IF YOU MISSED THE LAST EIGHT OF THESE HERE’S THE QUICK PITCH:
Even though the only thing Che ever put on his shirt was blood, sweat and little bits of traitor brains,
Andre the Giant doesn’t have a posse,
and by the time anybody got around to defending Brooklyn it was just another Alamo,
the revolutionary bent of the modern T-shirt fad suggested that, despite years of anger management classes, behavior medication and lack of decent education Americans can still get mad enough to shell out twenty something dollars to be rebellious. Which means a lot, considering votes are free.
Young people sporting the shadow of the AK 47, cameos of violent revolutionaries and whatever Shepherd Fairey decided to steal that week did so in order to appear dangerous, which is often all that is needed to keep predators in check.
It was with these fads that I rediscovered hope in the generation with the X hung on it. I wasn’t the only one. Spike Lee contacted me and asked if he could use the T-shirt in a movie called “Inside Man.” We met and I gave him permission, hoping that it would be a “Defend Brooklyn” commercial when it came out.
Spike divined the cadre of fashionable hipsters vicious enough to break a thieving bank for laundering Nazi money and ridiculous overdraft fees. He gave face to overeducated militiamen the likes of whom haven’t been seen since the Weather Underground and all colors of Panther was wiped out by Cointelpro.
Spike Lee didn’t de-fang the message to make it more palatable for the cattle. Instead he used the idea of hipsters armed with AK’s to help suggest a Defend Brooklyn militia into existence.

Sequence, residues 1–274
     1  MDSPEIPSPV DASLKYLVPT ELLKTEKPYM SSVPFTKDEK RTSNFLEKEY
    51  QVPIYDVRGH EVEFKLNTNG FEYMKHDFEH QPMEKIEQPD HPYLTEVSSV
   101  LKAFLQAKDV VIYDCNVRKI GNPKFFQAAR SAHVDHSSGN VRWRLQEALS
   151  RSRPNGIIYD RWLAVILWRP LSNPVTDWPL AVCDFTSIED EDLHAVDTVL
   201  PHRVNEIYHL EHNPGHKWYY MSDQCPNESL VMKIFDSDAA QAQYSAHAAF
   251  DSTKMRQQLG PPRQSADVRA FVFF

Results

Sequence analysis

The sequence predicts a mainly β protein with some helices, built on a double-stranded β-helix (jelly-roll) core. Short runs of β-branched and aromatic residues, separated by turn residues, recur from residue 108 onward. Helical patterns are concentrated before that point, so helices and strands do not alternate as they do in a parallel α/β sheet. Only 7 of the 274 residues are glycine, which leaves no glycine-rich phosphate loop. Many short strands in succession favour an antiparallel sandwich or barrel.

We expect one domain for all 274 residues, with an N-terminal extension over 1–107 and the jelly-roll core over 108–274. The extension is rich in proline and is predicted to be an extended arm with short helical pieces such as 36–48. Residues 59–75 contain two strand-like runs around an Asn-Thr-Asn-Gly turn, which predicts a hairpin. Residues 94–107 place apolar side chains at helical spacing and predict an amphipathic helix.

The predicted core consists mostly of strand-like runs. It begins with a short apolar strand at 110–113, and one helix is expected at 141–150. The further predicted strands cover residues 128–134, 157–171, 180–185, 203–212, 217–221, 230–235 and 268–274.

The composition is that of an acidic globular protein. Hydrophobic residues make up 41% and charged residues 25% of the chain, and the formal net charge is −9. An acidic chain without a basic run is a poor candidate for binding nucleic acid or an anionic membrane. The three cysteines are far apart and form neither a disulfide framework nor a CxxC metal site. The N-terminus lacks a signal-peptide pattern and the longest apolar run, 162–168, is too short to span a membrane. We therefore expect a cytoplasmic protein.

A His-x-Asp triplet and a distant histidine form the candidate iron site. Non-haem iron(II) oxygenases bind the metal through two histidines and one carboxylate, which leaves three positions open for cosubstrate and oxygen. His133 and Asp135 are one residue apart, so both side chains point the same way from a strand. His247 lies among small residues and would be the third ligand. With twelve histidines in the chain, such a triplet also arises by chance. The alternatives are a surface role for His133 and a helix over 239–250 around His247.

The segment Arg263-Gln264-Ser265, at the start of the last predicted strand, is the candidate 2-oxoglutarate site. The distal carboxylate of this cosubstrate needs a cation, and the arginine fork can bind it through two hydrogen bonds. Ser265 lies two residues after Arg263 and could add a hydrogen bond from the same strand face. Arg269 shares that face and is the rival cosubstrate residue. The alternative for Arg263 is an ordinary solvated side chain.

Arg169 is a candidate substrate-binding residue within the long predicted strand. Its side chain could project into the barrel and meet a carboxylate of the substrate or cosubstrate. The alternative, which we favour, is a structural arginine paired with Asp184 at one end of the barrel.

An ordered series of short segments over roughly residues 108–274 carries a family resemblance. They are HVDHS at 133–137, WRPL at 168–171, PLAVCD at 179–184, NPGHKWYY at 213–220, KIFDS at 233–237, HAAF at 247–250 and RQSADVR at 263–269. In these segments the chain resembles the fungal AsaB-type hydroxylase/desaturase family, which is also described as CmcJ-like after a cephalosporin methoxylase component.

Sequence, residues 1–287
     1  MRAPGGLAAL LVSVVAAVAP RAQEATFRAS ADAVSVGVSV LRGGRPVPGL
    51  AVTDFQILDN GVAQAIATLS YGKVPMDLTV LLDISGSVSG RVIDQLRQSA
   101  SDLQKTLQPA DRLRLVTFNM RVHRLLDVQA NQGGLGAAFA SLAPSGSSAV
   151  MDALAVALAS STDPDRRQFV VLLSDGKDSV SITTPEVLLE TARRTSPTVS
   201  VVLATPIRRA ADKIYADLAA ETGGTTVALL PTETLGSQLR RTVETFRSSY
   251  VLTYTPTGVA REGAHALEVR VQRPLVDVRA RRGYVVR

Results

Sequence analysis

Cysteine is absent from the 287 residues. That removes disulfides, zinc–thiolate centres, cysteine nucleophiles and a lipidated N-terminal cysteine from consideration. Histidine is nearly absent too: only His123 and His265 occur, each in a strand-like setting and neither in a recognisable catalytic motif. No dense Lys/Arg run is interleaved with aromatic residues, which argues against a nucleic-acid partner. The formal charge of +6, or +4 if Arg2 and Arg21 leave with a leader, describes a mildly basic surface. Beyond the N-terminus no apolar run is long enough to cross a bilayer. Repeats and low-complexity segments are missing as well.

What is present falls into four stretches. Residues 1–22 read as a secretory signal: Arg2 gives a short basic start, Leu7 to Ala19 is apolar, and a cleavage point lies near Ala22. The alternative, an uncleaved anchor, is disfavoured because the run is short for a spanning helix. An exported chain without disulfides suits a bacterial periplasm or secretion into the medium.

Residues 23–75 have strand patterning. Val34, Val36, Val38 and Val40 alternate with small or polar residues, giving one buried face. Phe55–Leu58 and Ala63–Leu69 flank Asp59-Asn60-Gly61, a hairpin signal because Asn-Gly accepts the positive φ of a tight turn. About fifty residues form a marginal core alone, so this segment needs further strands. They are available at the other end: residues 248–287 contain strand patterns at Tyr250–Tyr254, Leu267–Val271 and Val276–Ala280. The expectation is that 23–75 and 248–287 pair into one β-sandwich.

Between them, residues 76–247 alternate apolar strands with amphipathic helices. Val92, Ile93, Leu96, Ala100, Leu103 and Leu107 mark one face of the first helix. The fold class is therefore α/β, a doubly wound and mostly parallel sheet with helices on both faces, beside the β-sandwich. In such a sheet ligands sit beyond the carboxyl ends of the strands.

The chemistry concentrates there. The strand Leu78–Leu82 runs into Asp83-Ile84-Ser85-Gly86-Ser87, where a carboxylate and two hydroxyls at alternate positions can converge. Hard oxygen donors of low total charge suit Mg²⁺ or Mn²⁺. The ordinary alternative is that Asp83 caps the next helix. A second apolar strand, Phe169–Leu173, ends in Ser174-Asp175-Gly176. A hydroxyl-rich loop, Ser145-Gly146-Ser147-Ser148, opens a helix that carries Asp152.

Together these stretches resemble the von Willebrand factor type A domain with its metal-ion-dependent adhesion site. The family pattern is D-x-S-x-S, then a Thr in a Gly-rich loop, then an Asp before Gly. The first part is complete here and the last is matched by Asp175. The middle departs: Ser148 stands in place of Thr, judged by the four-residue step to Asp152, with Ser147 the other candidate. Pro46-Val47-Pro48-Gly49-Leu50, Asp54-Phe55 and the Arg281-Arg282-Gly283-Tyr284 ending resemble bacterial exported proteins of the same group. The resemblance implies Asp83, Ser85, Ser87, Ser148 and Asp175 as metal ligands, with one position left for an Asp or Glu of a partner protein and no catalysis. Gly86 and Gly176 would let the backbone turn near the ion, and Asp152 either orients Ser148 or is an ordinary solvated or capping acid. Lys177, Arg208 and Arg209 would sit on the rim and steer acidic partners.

Spike Lee gave face to the modern version of a revolutionary archetype that The Constitution, the Bill of Rights, and every karate movie were written to manifest.
Understand that nobody said a damn thing about any of our rights for so long >911 that the authorities ran amok and did the things they have always wanted to do, like unconstitutional wiretaps, torturing those filthy Canadians and putting cameras on stop lights.
According to the Constitution this is when a “well regulated militia” is to step in and gaffle the crooks up so nobody would ever try to dupe us again.
It dawned on me that a person who was willing to wear something dangerous on his shirt might have that same danger in his heart—that they were buying revolution but all they got was a crappy T-shirt.
I recruited a friend of mine, Mazzi Ibn Jamal to help in developing a Defend Philly outpost because he had some background in “reawakening the vigilantes” 1 (namely college girls and guys with dreadlocks) who had been playing possum since Nineleven.
The idea was that there would be little outposts in all the little towns that get a bad rap. Defend Detroit. Defend Cleveland. Fuck Pittsburgh. We would contact the people who had stolen my idea in various cities and tell them that they were the local Generals and whoever bought the shirt in earnest was to be considered a Soldier.
I bought the plane tickets to New Orleans to let my most prolific biter, Jac Curie, know that regardless of his lack of talent or morals, he was hired. He had shown his bravery already by stealing my work and now he could make up for it.
It’s like Yvonne Chouniard points out in his amazing book Let My People Go Surfing: The Education of a Reluctant Businessman that in Japan there are two words for genius. One word is for the guy who takes it from zero to one, then there’s a word for the guy who takes it from one to one hundred. These two need each other symbiotically.
Mazzi and I arrived, had a couple of beers and reconned the local turf, only to realize that when Jac Currie steals, he steals big. He’d printed the purloined slogan on all the things a New Orleans tourist wants: t shirts, cozies and barf bags. Mazzi pointed out that if Jac Currie didn’t steal and wasn’t a fashion cunt he would be my best employee.